[0004] U.S. Patent Publication Number 2011/0074541 (Inventors: Matthew Preston JONES et al.) discloses a system for managing a plurality of lockers proximate a theme park attraction. The system has an electronically actuated lock disposed on the plurality of lockers. A guest identifier is carried by the user. The identifier is used as an electronic key configured to lock and unlock the lock.

[0005] U.S. Pat. No. 4,494,805 (inventor: Philip J. WASHBURN) discloses a ski locker building having rows of lockers each configured to receive the mid-portion of a pair of skis in such a way that he skis are confined against lengthwise removal.

BRIEF SUMMARY OF THE INVENTION

[0006] In one embodiment, the present invention provides an apparatus for use with a rack of lockers. The apparatus comprises a key-facilitation server configured to: (A) cooperate with a locker server, and (B) receive a key-access request. The locker server is associated with a rack of lockers including a first compartment configured to allow storage of secondary equipment, a second compartment having an open locker slot configured to maintain storage of equipment, and a locker divider separating the first compartment from the second compartment. The key-access request is configured to indicate a user request. The user request is configured to request usage of an access key. The access key is configured to be usable by the locker server. The locker server is configured to receive a locker-access request. The locker-access request is configured to indicate access of a selected locker is user requested. The locker server is configured to use the access key so as to facilitate secured user access of the selected locker associated with the rack of lockers.

[0007] In a second embodiment, the present invention provides an apparatus for use with a rack of lockers. The apparatus comprises a point-of-presence server configured to cooperate with a locker server, operatively communicate with a key-facilitation server, and receive a key-access request. The locker server is associated with a rack of lockers including a first compartment configured to allow storage of secondary equipment, a second compartment having an open locker slot configured to maintain storage of equipment, and a locker divider separating the first compartment from the second compartment. The key-access request is configured to indicate a user request. The user request is configured to request usage of an access key. The access key is configured to be usable by the locker server. The locker server is configured to receive a locker-access request. The locker-access request is configured to indicate access of a selected locker is user requested. The locker server is configured to use the access key so as to facilitate secured user access of the selected locker associated with the rack of lockers.

[0008] In a third embodiment, the present invention provides an apparatus for use with a rack of lockers. The apparatus comprises a locker server configured to cooperate with a key-facilitation server. The locker server is associated with a rack of lockers including a first compartment configured to allow storage of secondary equipment, a second compartment having an open locker slot configured to maintain storage of equipment, and a locker divider separating the first compartment from the second compartment. The key-facilitation server is configured to receive a key-access request. The key-access request is configured to indicate a user request. The user request is configured to request usage of an access key. The access key is configured to be usable by the locker server. The key-facilitation server is configured to transmit a key-deployment indication configured to indicate approved deployment of the access key in such a way that the access key is operatively usable (directly or indirectly) by the locker server.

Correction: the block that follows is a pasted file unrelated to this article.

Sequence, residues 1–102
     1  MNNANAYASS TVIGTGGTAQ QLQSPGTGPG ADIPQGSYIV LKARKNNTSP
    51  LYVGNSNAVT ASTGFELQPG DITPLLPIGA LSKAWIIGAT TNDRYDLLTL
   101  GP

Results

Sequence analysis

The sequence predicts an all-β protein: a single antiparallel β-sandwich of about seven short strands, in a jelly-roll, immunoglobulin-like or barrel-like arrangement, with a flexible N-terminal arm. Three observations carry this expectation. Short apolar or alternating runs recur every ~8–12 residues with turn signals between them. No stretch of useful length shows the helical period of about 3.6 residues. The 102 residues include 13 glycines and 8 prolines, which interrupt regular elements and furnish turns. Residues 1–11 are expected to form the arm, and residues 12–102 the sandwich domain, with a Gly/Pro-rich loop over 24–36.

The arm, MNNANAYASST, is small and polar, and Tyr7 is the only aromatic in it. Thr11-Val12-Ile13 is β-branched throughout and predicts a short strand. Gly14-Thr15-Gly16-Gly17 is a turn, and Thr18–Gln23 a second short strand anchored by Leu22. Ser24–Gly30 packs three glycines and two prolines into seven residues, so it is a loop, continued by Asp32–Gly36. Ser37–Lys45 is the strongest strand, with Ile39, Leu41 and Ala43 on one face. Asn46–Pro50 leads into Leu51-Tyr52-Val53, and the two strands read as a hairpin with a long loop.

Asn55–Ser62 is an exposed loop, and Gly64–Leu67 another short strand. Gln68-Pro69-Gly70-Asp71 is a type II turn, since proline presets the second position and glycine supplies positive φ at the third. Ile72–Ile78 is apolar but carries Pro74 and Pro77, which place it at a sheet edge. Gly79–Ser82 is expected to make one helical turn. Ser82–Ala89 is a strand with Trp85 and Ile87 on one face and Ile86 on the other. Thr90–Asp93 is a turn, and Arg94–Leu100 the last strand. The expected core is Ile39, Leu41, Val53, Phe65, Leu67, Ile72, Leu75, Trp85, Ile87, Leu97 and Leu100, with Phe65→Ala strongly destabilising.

[0009] In a fourth embodiment, the present invention provides an apparatus, comprising: a rack of lockers, including: a first compartment configured to allow storage of dry equipment, and the first compartment is enclosed with a locker wall, a top, bottom panel, and the locker divider; a second compartment having an open locker slot, and the second compartment and the open locker slot are configured to maintain storage of equipment in such a way that the equipment is stored suspended, and the open locker slot is configured to allow sliding, at least in part, of equipment into the second compartment so that at least some of the equipment may remain user viewable; and a locker divider dividing the first compartment from the second compartment in such a way that the locker divider separates wet equipment from dry equipment.

[0010] In a fifth embodiment, the present invention provides an apparatus for use with a rack of lockers, the apparatus comprising: an object tangibly embodying an application configured to facilitate communication between the object and a key-facilitation server, the key-facilitation server configured to: cooperate with a locker server associated with the rack of lockers including: a first compartment configured to allow storage of secondary equipment; a second compartment having an open locker slot configured to maintain storage of equipment; and a locker divider separating the first compartment from the second compartment; and receive a key-access request, the key-access request configured to indicate a user request configured to request usage of an access key, the access key configured to be usable by the locker server, the locker server configured to receive a locker-access request, the locker-access request configured to indicate access of a selected locker is user requested, the locker server configured to use the access key so as to facilitate secured user access of the selected locker associated with the rack of lockers.